Saying “I Wasn’t Served” Not Enough to Challenge Service Return On Corp. Registered Agent – IL Law

In Charles Austin, Ltd. v. A-1 Food Services, Inc., 2014 IL App (1st) 132384, the First District affirmed the denial of a corporate defendant’s Section 2-1401 motion to vacate a judgment.

About three months after judgment, the defendant sought to vacate the judgment claiming it was never served with the lawsuit.  The trial court denied the motion leaving the judgment intact.

Q: Why?

A:  

1/ A party can serve a private corporation by leaving the complaint and summons with the registered agent or any officer or agent of the corporation found anywhere in the State. 735 ILCS 5/2-204;

2/ An affidavit of service is prima facie proof of proper service and the court will indulge every presumption in favor of finding that service was proper;

3/ To attack service, the moving party must produce evidence that casts doubt on the return of service by clear and convincing evidence;

4/ A conclusory affidavit that merely says “I was never served” isn’t sufficient to refute a return of service.  ¶ 16.

Here, the defendant’s affidavit saying he didn’t recall receiving the plaintiff’s complaint wasn’t enough to contest service on the corporation.  A defendant’s bare assertion that it doesn’t remember receiving a summons and complaint is not the kind of evidence required to impeach a facially valid service return. ¶ 19.

In Illinois, to vacate a judgment more than 30 days old,  a petitioner must show (1) the existence of a meritorious defense, (2) due diligence in presenting the defense in the underlying claim, and due diligence in filing the 2-1401 petition.

The defendant failed to show a meritorious defense.  The plaintiff alleged the predecessor corporation secretly sold its assets to the defendant – the acquiring entity – while the litigation was pending and did so to elude the debt to the plaintiff.  A well-known exception to the general rule that a successor corporation doesn’t assume the debts of a corporate predecessor is where the seller engages in a fraudulent transaction to avoid the seller’s contract obligations.

Here, the court found that the fraud exception to the rule against successor liability applied.

The court found that plaintiff sufficiently pled under Illinois fact-pleading rules that the sale of the predecessor’s assets to the defendant was fraudulent and done for the purpose of evading the plaintiff’s contract rights.  As a result, the meritorious defense argument failed.  ¶¶ 28-37.

The defendant also failed to establish due diligence in raising its defenses to the underlying breach of contract suit.  The court noted the defendant’s registered agent was served with process in October 2012, the judgment entered in January 2013, the defendant’s bank account was liened in May 2013 and it didn’t file its 2-1401 motion until June 2013.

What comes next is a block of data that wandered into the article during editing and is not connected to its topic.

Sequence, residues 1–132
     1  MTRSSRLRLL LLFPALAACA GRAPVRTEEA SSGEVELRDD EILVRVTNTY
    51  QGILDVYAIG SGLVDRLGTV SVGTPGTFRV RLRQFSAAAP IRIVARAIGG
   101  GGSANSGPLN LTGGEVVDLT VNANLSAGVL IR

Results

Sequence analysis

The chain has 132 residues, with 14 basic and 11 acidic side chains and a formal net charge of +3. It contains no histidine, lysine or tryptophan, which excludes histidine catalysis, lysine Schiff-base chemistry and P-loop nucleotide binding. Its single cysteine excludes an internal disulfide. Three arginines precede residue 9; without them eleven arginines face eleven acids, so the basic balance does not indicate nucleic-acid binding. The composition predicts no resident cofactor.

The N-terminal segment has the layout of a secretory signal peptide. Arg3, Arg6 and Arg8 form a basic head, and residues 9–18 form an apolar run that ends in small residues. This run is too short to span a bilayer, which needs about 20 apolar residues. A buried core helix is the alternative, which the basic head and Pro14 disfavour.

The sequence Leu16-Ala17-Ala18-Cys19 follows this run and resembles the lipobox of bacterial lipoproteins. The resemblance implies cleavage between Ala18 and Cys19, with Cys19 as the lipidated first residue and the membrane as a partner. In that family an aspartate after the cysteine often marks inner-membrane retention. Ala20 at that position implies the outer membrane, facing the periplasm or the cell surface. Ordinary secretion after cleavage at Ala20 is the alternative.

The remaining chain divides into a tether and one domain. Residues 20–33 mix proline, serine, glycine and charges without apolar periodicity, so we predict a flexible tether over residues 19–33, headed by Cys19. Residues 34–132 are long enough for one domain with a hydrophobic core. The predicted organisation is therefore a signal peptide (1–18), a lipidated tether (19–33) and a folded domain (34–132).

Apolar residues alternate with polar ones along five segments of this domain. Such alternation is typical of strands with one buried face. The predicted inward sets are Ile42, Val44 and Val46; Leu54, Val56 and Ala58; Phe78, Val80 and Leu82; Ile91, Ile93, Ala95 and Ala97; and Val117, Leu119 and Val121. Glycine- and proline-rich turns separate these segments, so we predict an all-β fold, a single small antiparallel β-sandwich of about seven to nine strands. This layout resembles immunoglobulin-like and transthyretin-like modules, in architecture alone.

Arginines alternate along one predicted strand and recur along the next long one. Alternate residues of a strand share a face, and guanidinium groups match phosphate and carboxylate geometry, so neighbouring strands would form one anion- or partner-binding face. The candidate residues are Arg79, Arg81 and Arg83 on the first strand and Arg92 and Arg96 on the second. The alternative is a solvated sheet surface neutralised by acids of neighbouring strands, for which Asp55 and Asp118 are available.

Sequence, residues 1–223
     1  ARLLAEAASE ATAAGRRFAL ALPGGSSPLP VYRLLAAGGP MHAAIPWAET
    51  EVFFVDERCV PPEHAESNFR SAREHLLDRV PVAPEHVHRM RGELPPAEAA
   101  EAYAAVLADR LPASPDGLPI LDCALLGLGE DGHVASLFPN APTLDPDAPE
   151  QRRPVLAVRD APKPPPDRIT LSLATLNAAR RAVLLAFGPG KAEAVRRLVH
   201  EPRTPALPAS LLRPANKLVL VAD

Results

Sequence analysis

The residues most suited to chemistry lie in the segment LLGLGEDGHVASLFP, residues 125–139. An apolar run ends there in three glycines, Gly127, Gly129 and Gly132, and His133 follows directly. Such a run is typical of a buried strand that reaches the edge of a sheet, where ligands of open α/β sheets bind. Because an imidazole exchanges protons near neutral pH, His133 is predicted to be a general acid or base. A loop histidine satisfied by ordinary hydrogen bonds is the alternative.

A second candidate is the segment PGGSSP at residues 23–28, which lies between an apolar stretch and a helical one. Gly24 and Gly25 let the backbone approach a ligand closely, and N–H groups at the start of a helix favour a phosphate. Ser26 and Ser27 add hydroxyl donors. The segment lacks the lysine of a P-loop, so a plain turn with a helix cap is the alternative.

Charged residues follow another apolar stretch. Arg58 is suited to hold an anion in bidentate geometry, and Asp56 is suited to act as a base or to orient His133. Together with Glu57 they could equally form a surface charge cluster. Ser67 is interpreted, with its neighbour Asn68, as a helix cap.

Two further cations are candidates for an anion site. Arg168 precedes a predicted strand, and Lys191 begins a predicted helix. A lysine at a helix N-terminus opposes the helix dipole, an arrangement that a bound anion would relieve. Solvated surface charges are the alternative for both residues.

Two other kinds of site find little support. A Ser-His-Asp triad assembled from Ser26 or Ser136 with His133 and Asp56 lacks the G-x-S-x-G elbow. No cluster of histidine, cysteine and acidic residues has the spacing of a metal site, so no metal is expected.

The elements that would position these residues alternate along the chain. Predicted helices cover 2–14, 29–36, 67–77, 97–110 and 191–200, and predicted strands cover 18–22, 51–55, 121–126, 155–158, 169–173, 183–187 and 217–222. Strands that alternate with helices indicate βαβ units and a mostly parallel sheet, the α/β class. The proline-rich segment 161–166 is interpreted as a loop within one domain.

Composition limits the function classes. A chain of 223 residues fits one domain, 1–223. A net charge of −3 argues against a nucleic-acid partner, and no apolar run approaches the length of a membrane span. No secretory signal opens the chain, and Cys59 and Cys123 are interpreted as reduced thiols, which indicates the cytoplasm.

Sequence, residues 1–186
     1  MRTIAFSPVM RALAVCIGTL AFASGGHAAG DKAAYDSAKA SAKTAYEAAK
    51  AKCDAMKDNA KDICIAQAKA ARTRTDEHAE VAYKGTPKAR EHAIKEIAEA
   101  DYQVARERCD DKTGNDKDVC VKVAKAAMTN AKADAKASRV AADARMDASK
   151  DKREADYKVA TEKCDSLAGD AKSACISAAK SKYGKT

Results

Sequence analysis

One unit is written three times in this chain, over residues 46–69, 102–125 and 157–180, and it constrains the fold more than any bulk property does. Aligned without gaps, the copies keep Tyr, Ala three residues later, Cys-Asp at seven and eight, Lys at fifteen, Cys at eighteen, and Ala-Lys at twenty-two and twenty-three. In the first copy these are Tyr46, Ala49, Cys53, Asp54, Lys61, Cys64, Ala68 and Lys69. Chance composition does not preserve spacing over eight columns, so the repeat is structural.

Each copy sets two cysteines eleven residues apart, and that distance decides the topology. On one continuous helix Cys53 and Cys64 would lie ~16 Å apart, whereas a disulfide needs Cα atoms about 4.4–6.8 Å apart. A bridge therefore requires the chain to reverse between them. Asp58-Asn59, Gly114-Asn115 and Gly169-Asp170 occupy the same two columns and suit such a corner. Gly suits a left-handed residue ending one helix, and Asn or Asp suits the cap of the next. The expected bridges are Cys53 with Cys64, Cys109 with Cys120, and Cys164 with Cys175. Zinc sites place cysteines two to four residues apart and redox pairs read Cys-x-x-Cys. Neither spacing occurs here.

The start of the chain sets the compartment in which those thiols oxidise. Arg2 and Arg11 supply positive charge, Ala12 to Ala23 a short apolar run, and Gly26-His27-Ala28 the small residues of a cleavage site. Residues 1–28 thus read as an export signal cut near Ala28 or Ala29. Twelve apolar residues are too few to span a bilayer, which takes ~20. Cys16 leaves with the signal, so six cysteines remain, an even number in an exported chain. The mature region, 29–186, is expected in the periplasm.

The eight month delay in responding to the lawsuit signaled its lack of diligence in defending the suit.

Take-aways:

– To challenge service, a defendant must do more than blanketly allege that he doesn’t recall receiving a pleading;

– If a plaintiff alleges factual basis for his claim, the defendant trying to vacate a default judgment will have difficulty meeting 2-1401’s meritorious defense element.

Corporate Successor Liability: Continuation and Fraud Exceptions (IL Law)

Advocate Financial Group, LLC v. 5434 North Winthrop, 2015 IL App (2d) 150144 spotlights the “mere continuation” and fraud exceptions to the general rule of no successor liability – a successor corporation isn’t responsible for debts of predecessor – in a creditor’s efforts to collect a judgment from a business entity that is twice removed from the original judgment debtor.

The plaintiff obtained a breach of contract judgment against the developer defendant (Company 1) who transferred the building twice after the judgment date. The second building transfer was to a third-party (Company 3) who ostensibly had no relation to Company 1. The sale from Company 1 went through another entity – Company 2 – that was unrelated to Company 1.

Plaintiff alleged that Company 1 and Company 3 combined to thwart plaintiff’s collection efforts and sought the turnover of the building so plaintiff could sell it and use the proceeds to pay down the judgment. The trial court granted the turnover motion on the basis that Company 3 was the “continuation” of Company 1 in light of the common personnel between the companies. The appeals court reversed though. It found that further evidence was needed on the continuation exception but hinted that the fraud exception might apply instead to wipe out the Company 1-to Company 2- to Company 3 property transfer.

On remand, the trial court found that the fraud exception (successor can be liable for predecessor debts where they fraudulently collude to avoid predecessor’s debts) indeed applied and found the transfer of the building to Company 3 was a sham transfer and again ordered Company 3 to turn the building over to the plaintiff. Company 3 appealed.

The appeals court affirmed the trial court’s judgment and in doing so, provided a useful summary of the principles that govern when one business entity can be held responsible for another entity’s debts.

In Illinois, a corporation that purchases the assets of another corporation is generally not liable for the debts or liabilities of the transferor corporation. The rule’s purpose is to protect good faith purchasers from unassumed liability and seeks to foster the fluidity of corporate assets.

The “fraudulent purpose” exception to the rule of no successor liability applies where a transaction is consummated for the fraudulent purpose of escaping liability for the seller’s obligations.

The “mere continuation” exception to the nonsuccessor liability rule requires a showing that the successor entity “maintains the same or similar management and ownership, but merely wears different clothes.” The test is not whether the seller’s business operation continues in the purchaser, but whether the seller’s corporate entity continues in the purchaser.